In the news over the last couple of days are contrasting stories of justice spurned in Denver Colorado, while justice prevails in Vancouver, BC.
In Denver Colorado a very wealthy man, Martin Joel Erzinger, who happens to manage over $1 billion worth of assets for Morgan Stanley, hit a cyclist from behind with his Mercedes. Then he sped away from the scene, leaving his victim severely injured on the ground. Nice one.
His victim was liver transplant surgeon Dr. Steven Milo. Erzinger should have been prosecuted for a felony, but Eagle County District Attorney, Mark Hurlbert, dropped this to a misdemeanour, because he was concerned that this might hurt the despicable Erzinger’s income:
“Felony convictions have some pretty serious job implications for someone in Mr. Erzinger’s profession, and that entered into it.”
Milo is furious. He suffered bleeding from the brain and spinal injuries, and may suffer lifelong pain:
“Mr. Erzinger struck me, fled and left me for dead on the highway. Neither his financial prominence nor my financial situation should be factors in your prosecution of this case.”
Milo has a wife and kids, and his ability to earn an income has been jeopardized. However, in this case justice seems to be more concerned about the financial status of the cowardly villain who left a cyclist to possibly die in the street.
On the other hand, in Vancouver we have the case of cowardly scumbag Shawn Woodward. He decided to spend his evening in The Fountainhead, a well-known Vancouver gay bar. While there, he deliberately sucker-punched a much older man, Ritch Dowrey, causing massive brain damage and effectively destroying Dowrey’s life.
Woodward ran away, but was chased down by outraged witnesses. He compounded matters by showing no remorse, asserting that his victim deserved it because he was a “faggot.”
Seems Woodward was outraged to find a gay man in a gay bar. What the hell did he expect to find in a gay bar?
In any event, justice prevailed, in that Woodward did not skip away with a two year sentence, as has happened too often in the past when it was decided that a hate crime could not be proven. The judge was clear that this was a hate crime committed by a virulent homophobe. Convicted of aggravated assault, Woodward is off to prison for six years, and I don’t wish him a pleasant time in there. His victim sure isn’t having a good time, in the long term care facility where he will most likely spend the rest of his days.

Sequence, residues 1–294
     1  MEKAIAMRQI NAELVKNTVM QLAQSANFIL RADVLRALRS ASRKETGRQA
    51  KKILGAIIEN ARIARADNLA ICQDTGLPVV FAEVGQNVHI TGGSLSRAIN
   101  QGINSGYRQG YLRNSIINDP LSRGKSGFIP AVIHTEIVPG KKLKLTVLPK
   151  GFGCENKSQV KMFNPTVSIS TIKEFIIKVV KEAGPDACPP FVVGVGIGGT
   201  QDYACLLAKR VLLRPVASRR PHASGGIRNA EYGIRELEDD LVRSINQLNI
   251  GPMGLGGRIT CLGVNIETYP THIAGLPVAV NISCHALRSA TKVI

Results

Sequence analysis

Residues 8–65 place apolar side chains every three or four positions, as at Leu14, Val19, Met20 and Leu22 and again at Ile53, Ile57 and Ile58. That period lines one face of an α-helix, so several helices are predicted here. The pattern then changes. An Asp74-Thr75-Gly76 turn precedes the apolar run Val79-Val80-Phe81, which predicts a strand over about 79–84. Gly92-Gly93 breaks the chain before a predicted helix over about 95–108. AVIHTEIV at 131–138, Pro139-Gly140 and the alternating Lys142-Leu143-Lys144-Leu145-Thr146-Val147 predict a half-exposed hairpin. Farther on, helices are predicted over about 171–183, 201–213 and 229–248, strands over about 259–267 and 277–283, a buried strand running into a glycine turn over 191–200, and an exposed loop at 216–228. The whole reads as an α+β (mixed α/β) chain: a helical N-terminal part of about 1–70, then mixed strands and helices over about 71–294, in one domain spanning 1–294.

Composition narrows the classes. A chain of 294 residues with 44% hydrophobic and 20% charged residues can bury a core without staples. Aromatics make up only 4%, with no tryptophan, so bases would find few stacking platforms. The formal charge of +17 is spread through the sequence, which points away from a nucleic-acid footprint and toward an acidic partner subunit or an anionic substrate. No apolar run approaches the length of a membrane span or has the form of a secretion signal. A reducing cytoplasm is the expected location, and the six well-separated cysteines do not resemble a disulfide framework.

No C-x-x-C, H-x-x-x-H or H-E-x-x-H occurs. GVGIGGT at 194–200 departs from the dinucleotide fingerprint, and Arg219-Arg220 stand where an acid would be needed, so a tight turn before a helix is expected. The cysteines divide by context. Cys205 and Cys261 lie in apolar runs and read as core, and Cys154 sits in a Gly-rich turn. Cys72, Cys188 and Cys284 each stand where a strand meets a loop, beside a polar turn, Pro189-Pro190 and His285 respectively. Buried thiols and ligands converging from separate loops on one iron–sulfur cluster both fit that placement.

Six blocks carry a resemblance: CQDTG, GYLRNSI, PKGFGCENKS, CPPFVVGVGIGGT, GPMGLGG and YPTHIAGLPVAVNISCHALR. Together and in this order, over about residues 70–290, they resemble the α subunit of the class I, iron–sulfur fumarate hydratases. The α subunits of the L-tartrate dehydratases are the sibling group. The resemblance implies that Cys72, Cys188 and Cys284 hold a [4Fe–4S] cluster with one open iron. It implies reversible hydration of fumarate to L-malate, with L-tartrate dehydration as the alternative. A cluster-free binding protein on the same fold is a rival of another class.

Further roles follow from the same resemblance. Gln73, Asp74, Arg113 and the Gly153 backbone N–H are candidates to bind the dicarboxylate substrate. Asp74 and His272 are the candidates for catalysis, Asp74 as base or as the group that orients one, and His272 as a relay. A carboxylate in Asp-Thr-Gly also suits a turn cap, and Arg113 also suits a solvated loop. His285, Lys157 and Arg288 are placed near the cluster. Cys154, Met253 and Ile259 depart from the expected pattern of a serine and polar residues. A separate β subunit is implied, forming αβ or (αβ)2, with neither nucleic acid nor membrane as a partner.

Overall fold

Two victims lying on the ground, their lives forever changed. Two cowardly perpetrators fleeing the scene.
In Vancouver, I was delighted to see that justice prevailed and Woodward got the sentence he deserved. But I was very sad to see that in Denver, the power of money prevailed – and once again, injuring a cyclist was deemed not important enough to warrant serious repercussions.
The point is that giving paltry sentences to people who persecute or injure a group encourages those perpetrators to continue their behaviours, and instills justifiable fear in those who are inadequately protected by the law. Jennifer Breakspear, executive director of QMUNITY, B.C’s queer resource centre, said:
“Hate crimes truly do instill terror and fear in an entire community. It expands beyond a victim and the judge’s ruling today spoke to that significance.”
In much the same way, it instills terror and fear in cyclists when people can mow us down and get away with it – as in the Denver case, and also in the recent case in Manitoba: motorist Ian Gibbons killed two cyclists, fundraisers Robert Joseph Carrier and Daniel Hurtubise. For this, he got a paltry $5,000 fine.
How can we as cyclists feel safe on the streets when the courts put so little value on our lives? When they see a man’s income as more important than the despicable crime of hit and run, or when they value cyclist’s lives at $2,500 each? Just as gay people cannot feel safe if attacks on them are not deemed hate crimes and severely punished, so too cyclists cannot feel safe if those who injure or kill cyclists are given a slap on the wrist. This has to change!